Eventually we got under way and the ship passed through the first gorge and we all took pictures and listened to the commentary and then had lunch and it was time to go on the Three Gorges Dam tour.
This trip through the Three Gorges was better than the last time we experienced it in the mock-up of a river boat in the Expo 86 China pavilion. Sort of a hallway with windows and painted scenery scrolling past the windows.
Off the ship to the bus we passed through a market and were beset by hawkers of wares. I bought a map of China and felt okay about getting the price down from rmb 120 to rmb 20 (around $US 3) until I learned I could have paid 10. At least my map was of China. The bus was delayed a bit while the local guide helped two of our group try and locate the vendor they had dealt with. He sold them a local map in a Red China map folder. They were upset. I don’t know what they paid. Hey. At least they got a map. It is not unheard of to be sold an empty folder. The vendor who sold the local map could not be found.
We bused to the dam site and got out and went into a large security building processing hordes of visitors to the dam site.
TSA is security theater. This was security theater on steroids. Played by bad actors, as far off Broadway as you can get. I had my tour ticket scanned and got to the conveyor belt to the x-ray machine and stopped to put all my stuff in the back pack. Yesterday at the Shanghai airport I set off the metal detector and had to dig out my inside money belt with its EU passport in its foil RFID sleeve and the US and Chinese money which has metal and then dig out the wallet and money in the other under-my-clothes wallet and I did not want to repeat the uncomfortable experience. Here the security person motioned me to stop putting stuff into my back pack, waved my bag onto the belt and waved me into the metal detector.
The metal detector went off. A security person stood either side of me and each touched a metal detector wand near my belt and waved me on.
We are herded outside the other side of the security building and onto our waiting bus. Must be a make work project. What’s to protect? We are only going to a building with a scale model and to viewing areas. Anything that would have enough power to damage the infrastructure of the dam or power plant would have to be carried on a bus. They don’t check those.
The model building contains a large animated model of the Three Gorges Dam with water and lighting to indicate how things work. It is a bit too crowded to get a good look at the model at the time our local guide is giving his spiel, but I can kind of see over the crowd and go back later when most people have moved back outside. We have our whisper earbuds and can usually hear the local guide, but it is difficult with competition from the automated voice describing the animation as it unfolds and several other groups’ guides who are relying on the volume of their voices rather than electronics.
There is a potty break and shopping break. Most women won’t use the squatty potty facility and wait for a western one that will be available a little bit later. When I go back in the gift shop there is somebody demoing an interesting toy that might make a good gift for a grandchild. It looks like a one-price store but it is always worth a try. I offer fifty for an eighty price tag. They go down to seventy and stick there. No deal.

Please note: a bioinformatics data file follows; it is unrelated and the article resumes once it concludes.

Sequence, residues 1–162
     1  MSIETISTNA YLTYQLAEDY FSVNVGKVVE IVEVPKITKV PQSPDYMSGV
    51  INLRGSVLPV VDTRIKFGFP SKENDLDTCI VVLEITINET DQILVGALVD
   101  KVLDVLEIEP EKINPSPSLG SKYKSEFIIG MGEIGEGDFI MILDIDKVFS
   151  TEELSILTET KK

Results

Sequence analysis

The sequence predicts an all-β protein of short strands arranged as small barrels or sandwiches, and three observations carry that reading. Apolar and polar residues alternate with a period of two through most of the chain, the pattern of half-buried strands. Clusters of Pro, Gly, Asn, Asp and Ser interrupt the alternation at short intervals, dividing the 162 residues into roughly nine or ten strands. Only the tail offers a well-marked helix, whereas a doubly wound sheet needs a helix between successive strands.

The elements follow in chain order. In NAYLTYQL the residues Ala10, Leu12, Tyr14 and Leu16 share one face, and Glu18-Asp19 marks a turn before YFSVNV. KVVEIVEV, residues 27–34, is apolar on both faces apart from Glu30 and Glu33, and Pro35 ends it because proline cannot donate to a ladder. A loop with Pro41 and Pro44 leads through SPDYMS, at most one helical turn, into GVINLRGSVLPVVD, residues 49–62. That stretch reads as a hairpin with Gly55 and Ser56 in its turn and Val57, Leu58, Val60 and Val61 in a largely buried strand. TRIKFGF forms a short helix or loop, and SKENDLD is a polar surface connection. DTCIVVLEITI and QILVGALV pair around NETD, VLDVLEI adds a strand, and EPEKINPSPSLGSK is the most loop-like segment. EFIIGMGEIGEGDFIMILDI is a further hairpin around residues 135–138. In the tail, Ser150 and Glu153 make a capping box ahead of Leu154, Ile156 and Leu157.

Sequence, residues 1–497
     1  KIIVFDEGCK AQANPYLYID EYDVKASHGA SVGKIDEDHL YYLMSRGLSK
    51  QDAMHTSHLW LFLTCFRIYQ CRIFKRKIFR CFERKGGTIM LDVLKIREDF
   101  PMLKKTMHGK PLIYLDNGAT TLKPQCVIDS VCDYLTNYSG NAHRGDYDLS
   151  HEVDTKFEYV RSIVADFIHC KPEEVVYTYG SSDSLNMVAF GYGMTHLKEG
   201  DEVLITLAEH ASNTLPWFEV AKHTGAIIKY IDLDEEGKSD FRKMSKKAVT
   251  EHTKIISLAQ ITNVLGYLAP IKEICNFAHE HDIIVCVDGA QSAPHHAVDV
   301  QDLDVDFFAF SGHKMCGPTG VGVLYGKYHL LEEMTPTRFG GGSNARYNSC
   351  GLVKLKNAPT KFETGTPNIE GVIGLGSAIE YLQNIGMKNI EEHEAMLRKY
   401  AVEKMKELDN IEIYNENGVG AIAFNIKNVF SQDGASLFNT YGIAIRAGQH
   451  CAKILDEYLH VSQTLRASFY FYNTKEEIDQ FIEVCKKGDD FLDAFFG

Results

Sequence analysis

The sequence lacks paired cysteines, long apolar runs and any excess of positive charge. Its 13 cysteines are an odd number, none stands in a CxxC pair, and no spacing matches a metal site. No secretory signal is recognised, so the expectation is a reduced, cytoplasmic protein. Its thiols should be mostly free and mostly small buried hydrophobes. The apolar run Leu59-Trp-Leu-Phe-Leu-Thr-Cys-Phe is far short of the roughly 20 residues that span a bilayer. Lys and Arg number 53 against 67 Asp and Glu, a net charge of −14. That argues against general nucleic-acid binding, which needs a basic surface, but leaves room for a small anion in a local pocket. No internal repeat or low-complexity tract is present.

Riding up one of the several escalators from the model building to the overlook I talk to another couple who bought one of the toys for rmb 80 and start second guessing myself. That’s only about 12 bucks after all and I may have missed an opportunity.
The top of the hill gives what our guide calls a “Bird’s Eye View” of the dam and ship locks. Large ships take three hours to go through the lock. Small boats have a quicker arrangement which I will look up on line someday. Max, the local tour guide was a hoot. We all tipped him well, but not for his expertise in answering arcane technical questions. He was great with the canned stuff such as 32 generators, 700 MW each, supplied by CGE (Canadian General Electric), Siemens, etc.
Walk down the back side of the viewpoint to an overlook of the dam proper. There are market stalls with such treats as a couple of guys beating a nut and candy mixture with large wooden mallets. I taste a sample. It tastes good and I think the price is pretty good, but realize before committing to a purchase that I don’t really need a mixture of fat and sugar.
Find the toys I wouldn’t buy at rmb 70. They are priced at rmb 120. I offer 50, and eventually we settle on rmb 55, but can no way get her to give me a cheaper price for two, I buy two for rmb 110. And hand out six pairs of curved illusion tracts.
Back to boat.
Couple of hours down time reading in the room.
Captain’s welcome reception.
We had filled out our supper choices at breakfast. That seemed a long time ago. One table mate expressed his regret at not taking the optional tour this morning. They had been indecisive because of the weather and now regretted the final decision to not go. He said it would be better if everybody who took it didn’t keep saying it was “really, really good”. “Good” would have been okay.
A half hour after supper there was a floor show put on by the crew in traditional regional and ethnic clothing. Very well done and interesting. Rather than walk down to our room and back we went early and got a front row seat for ourselves and Gary and Ninabeth.